In a previous article, I wrote about how a simple checksum structure can greatly improve the auditability and robustness of financial models, and indeed Excel workbooks in general.
The focus of much current spreadsheet research centres on methods to reduce and identify errors. While checksums will not guarantee an error-free workbook, they will certainly perform a very useful ‘triage’ role for spreadsheet authors.
Checksums are particularly effective for large spreadsheets containing multiple worksheets because they alert users to real-time errors – so if a change to a single input cell produces an error elsewhere in the workbook this will be highlighted immediately.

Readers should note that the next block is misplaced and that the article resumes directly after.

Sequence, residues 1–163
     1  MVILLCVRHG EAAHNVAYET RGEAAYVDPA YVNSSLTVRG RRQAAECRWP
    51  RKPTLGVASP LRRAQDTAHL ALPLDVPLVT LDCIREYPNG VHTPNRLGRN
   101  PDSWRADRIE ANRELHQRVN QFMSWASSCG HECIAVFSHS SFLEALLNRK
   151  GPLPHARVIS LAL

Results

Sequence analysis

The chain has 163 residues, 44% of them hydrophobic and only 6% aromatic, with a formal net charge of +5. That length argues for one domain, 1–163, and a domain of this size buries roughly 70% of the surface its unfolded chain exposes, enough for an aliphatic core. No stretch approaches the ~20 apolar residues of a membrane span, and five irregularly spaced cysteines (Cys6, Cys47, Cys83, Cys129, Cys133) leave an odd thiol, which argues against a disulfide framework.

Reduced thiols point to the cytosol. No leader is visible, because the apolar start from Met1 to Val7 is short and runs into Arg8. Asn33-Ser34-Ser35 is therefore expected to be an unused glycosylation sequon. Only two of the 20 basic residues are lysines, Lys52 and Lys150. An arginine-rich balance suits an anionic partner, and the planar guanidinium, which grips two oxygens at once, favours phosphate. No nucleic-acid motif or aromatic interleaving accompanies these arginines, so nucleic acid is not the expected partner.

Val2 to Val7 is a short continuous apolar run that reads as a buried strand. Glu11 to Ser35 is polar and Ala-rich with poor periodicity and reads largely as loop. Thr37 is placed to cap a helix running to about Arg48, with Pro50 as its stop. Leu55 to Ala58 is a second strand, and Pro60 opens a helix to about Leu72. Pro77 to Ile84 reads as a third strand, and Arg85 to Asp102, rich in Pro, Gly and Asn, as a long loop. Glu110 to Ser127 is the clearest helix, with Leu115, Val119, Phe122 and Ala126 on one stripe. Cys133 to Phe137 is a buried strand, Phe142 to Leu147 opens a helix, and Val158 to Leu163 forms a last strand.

As a result, checksums are especially useful during the construction phase of financial models, as well as for monitoring of workbook integrity when inputs and assumptions are changed later by users.
I was pleased to see readers liked the idea of using checksums in their Excel workbooks, but the feedback suggested that many accountants simply didn’t have the time to build a checksum structure into each of their workbooks.
This article sets out to respond to that issue by offering an automated way to create checksum structures...
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